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IxD students are involved in both individually-motivated and faculty-driven research projects. This page documents the results of an ongoing, faculty-driven research project involving the design and development of assistive devices for children with Arthrogryposis Multiplex Congenita (AMC).

These devices have been developed in collaboration with orthopedic surgeons, occupational therapists and physical therapists from Nemours A.I. duPont Hospital for Children plus individuals and families who live with this condition everyday.

Assistive Devices for Children with AMC

AMC is described as a congenital joint contracture in two or more areas of the body. We primarily focus on the upper extremities (arms and hands) and enabling activities of daily living, such as feeding oneself. The severity of this condition varies from person to person and AMC itself is not directly associated with any cognitive deficiencies.

Caleb Trotter
Assistive Feeding Device

​After observing the children eat through video recordings I noticed the biggest issues were scooping food from the bowl and then delivering it into their mouths. Parents disliked it when their child would place their whole face in the bowl to eat. If the food was delivered to them then this would not be an issue. Other home feeding devices that are motorized cost thousands of dollars like the Obi. I wanted to create something lightweight and affordable to parents because as the child grows they get better motor control within their bodies and as a result these devices become obsolete.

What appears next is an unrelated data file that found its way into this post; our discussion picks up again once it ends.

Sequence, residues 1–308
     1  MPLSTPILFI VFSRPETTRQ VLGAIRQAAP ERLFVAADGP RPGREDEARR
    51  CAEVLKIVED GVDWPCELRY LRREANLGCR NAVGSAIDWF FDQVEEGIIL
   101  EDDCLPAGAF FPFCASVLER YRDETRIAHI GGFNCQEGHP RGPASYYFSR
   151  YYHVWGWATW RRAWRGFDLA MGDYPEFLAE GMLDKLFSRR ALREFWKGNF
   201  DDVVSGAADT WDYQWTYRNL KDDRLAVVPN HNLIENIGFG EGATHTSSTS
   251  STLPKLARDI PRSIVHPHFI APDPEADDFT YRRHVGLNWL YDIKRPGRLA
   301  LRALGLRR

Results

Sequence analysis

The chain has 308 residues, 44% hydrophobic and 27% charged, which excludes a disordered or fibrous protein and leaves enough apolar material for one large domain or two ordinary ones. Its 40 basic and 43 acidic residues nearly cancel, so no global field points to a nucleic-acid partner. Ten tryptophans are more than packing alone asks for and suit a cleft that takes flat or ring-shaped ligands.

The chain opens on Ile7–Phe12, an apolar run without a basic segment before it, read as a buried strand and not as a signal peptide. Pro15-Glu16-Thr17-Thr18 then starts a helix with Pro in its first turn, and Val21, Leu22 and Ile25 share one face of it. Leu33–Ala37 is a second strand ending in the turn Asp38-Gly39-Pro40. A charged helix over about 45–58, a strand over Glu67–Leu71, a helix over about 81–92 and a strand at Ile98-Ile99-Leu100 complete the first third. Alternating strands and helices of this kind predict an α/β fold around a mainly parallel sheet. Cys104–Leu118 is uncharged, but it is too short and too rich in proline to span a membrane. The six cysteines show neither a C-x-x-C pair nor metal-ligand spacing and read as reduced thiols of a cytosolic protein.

Materials include: Arduino-controlled servo motor, lasercut wood and acrylic, 3D printed spoon and bowl plus misc. hardware.

See all of Caleb's work at ​

Bethany Comegys
Assistive Eating Device

​I created an on-the-go snacker that can attach to a child's forearm, or clamp to most tables, wheelchairs, and car seats. To use this device, children use their chin to push the bowl down and dispense dry foods into their mouth. A spring then returns the bowl up.

Materials include: 3D printed bowl, spring, arm strap and flexible wire.

See all of Bethany's work at

Jordan Sawyer
Assistive Feeding Device

Many people with AMC do not have functional bicep muscules, but do have triceps, so I created a system of a wearable device [Pulley Backpack] that raises one arm when a child pushes the other down. This is in conjunction with custom 3D printed spoons (only one shown below) with uniquely shaped handles that are easy to hold and prevent spilling.

Assistive Feeding Device

Backpack materials include:  pulley, paracord, and arm straps

Spoons are 3D printed from 3D models.

See all of Jordan's work at

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  • Department of Art & Design
  • 104 Recitation Hall
  • University of Delaware
  • Newark, DE 19716, USA
  • Phone: 302-831-2244